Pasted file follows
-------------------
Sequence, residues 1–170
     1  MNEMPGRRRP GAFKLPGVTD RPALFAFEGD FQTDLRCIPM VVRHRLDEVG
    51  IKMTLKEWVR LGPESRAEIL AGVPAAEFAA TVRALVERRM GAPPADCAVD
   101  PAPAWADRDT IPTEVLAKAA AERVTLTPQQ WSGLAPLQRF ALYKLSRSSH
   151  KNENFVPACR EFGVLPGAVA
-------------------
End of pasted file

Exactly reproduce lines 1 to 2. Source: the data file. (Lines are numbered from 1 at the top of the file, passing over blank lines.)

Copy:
Sequence, residues 1–170
     1  MNEMPGRRRP GAFKLPGVTD RPALFAFEGD FQTDLRCIPM VVRHRLDEVG